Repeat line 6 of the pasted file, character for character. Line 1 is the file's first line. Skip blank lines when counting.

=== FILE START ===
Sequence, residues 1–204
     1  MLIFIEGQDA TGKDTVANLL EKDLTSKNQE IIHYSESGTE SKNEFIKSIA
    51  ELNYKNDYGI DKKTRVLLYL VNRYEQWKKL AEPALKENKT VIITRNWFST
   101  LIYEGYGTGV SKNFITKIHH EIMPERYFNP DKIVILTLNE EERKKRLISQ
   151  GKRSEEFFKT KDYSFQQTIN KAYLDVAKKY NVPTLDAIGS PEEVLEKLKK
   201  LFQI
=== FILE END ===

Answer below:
   201  LFQI